August 8, 2006
By KENNETH R. GOSSELIN, Courant Staff Writer
For years, the building at the Asylum Street exit off I-84 west has been one of the city's worst blights, its eye socket-like cutout a curiosity for passing motorists.
But that odd-looking space could become home to a fitness center if the building is converted to apartments or condominiums, as a developer has proposed.
Developer Joshua Guttman of Brooklyn, N.Y., has submitted plans to convert the decaying office building into 97 mostly one-bedroom residential units.
Sounds encouraging, but is this for real?
Guttman is sending mixed signals about the project. For weeks, there has been a banner hanging from the building reading "Available" and a telephone number. But on craigslist.com, there's an ad listing the Myrtle Street building for sale. The ad states: "Residential/Ready plans/Interior demolition complete/framing has begun."
A call to the number posted on the building drew a response from the developer's son, Jack, who declined to comment. An e-mail inquiry to craigslist didn't draw a response over the course of the past week.
Joshua Guttman's attorney in Hartford, Coleman Levy, said he was well aware of the banner, but not the ad on craigslist.
Even so, Levy said, Guttman is serious about converting the building - known as "Capitol West" because of its location to the west of the state Capitol building - into housing.
And, Levy said, it has not been unusual for Guttman to market projects that he has been involved with in his 30-year career as a developer, mostly in New York.
Real estate professionals also confirmed that the practice is not "uncommon." And securing approvals adds to a property's value, they said.
"If someone came along and would buy it at the right price, then he might sell it," Levy said. "But this is not a bait-and-switch. He has never said to me that he wants to sell it and not develop it."
Residential units are the latest proposed reuse for the building, which was built in the 1940s as a car dealership, with more stories added later on.
Former owners also have floated the idea of renovating the building for offices, and even high-tech incubator space.
If apartments are built, they would be market-rate, Levy said. He could not estimate the potential selling price if condos are built.
"Regardless of what is built, the project is going forward," Levy said Monday.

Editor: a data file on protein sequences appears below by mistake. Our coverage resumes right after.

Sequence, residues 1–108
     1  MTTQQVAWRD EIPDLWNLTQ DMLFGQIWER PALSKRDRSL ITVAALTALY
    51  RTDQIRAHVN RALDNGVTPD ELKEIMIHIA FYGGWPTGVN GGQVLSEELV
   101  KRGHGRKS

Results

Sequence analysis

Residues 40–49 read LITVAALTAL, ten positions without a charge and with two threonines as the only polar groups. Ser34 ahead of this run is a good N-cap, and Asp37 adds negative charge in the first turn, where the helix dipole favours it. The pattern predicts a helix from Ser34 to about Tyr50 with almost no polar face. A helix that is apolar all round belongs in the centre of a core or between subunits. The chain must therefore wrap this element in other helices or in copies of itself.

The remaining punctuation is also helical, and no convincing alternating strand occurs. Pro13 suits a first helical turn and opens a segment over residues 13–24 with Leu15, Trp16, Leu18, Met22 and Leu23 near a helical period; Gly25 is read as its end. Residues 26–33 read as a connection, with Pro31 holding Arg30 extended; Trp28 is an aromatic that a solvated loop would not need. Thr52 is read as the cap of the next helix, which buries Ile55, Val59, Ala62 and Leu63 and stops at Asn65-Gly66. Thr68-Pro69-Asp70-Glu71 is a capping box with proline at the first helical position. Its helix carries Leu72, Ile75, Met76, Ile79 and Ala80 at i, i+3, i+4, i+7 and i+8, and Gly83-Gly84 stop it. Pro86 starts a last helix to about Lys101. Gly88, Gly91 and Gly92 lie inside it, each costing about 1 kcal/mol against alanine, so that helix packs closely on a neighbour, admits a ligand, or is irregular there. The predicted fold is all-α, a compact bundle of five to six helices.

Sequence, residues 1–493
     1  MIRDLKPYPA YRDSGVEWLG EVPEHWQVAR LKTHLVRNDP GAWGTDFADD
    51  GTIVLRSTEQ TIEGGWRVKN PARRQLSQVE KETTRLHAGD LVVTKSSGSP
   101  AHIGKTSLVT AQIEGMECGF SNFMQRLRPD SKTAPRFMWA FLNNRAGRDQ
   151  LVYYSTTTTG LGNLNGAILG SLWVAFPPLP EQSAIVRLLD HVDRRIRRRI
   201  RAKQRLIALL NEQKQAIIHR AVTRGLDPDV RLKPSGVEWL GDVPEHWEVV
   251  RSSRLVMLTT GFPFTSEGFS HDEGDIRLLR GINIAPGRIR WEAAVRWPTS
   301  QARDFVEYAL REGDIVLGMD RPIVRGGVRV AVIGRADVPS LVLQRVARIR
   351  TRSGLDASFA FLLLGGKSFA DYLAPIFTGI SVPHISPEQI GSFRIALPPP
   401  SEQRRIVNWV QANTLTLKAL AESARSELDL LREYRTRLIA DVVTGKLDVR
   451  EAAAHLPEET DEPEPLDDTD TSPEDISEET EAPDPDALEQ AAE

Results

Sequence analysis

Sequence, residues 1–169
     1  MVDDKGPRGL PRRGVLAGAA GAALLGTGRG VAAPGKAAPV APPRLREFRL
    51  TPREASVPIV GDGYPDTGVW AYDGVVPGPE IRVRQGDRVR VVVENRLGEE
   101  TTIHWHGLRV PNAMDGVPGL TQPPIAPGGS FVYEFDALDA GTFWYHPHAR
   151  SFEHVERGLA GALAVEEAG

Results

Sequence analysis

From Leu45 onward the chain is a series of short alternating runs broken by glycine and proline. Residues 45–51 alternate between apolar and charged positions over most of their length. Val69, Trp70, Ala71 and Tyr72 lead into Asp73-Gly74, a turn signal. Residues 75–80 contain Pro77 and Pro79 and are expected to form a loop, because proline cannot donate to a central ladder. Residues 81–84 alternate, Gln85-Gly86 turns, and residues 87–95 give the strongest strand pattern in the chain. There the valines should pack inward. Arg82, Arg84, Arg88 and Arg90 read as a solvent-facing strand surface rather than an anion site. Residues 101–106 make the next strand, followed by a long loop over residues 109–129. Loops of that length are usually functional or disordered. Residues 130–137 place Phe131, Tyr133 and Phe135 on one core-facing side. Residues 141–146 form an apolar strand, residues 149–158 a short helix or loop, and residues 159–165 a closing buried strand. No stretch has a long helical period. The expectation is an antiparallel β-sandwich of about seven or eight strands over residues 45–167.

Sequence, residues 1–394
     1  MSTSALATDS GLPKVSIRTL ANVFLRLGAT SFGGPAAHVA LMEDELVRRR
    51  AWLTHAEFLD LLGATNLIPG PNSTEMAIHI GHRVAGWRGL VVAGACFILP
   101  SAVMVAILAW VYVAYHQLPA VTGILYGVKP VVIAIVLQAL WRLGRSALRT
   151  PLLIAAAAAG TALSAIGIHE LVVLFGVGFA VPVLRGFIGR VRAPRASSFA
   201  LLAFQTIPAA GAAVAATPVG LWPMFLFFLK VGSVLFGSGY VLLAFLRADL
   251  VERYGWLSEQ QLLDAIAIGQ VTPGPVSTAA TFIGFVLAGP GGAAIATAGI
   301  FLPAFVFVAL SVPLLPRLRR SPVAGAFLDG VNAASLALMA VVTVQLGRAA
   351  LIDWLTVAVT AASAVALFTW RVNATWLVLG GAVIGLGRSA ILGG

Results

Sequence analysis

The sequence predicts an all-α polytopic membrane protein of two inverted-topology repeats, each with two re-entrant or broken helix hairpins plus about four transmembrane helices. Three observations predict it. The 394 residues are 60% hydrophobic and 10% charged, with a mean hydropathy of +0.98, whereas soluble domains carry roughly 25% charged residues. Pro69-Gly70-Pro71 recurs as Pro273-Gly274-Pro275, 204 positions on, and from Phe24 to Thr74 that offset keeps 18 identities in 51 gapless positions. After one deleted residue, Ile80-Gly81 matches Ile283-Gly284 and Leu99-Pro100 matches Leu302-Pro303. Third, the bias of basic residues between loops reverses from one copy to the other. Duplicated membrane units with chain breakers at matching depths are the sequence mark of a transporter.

Levy said Guttman intends to invest between $10 million and $12 million in the renovations.
Two years ago, Guttman paid $1 million in cash for Capitol West, roughly about $6 a square foot - a bargain, compared with $20 a square foot paid for the old Hartford Office Supply building about a mile away on Capitol Avenue, which is slated for condos.
The building was in tough shape when Guttman bought it, to be sure. Often a target of vandalism, it had further decayed under the previous owner, a partnership that included New York developer Robert Danial, a major landowner in the Asylum Hill area, where Capitol West is located. Guttman bought the building when it fell into bankruptcy.
So far, according to Levy, Guttman has invested another half-million dollars in demolition and architectural designs. There has been no work on the building since October, when asbestos was found after workers started removing windows.
But Levy said Guttman intends to resume work once all city approvals are secured. No public subsidies from the state will be sought, although Guttman would likely seek tax credits or grants for renovating blighted buildings.
Levy said Guttman remains focused on Capitol West, even though another Guttman property in Brooklyn - a waterfront warehouse complex slated for redevelopment - was involved in a spectacular fire in May.
And Guttman faces misdemeanor fines that could total $2.8 million for not maintaining piers on the property.
Plans for Capitol West call for the addition of windows and balconies to soften the building's fortress-like appearance. On the side facing I-84, windows will be soundproofed to cut down on noise from the highway. The windows of a fitness room would be tinted so motorists wouldn't get distracted.
The one-bedroom units would range from 730 to 1,400 square feet, with most ranging from 900 to 1,200 square feet. The two-bedroom units would range from 1,260 to 1,330 square feet.
One drawback is that there is not enough parking on the property for each unit, which means that some owners would have to seek parking elsewhere. The parking plan has been granted a variance by the city.
There would be covered parking for 55 cars on one level of the building - former car dealership showroom space. Another dozen spaces would be outside.
Reprinted with permission of the Hartford Courant.
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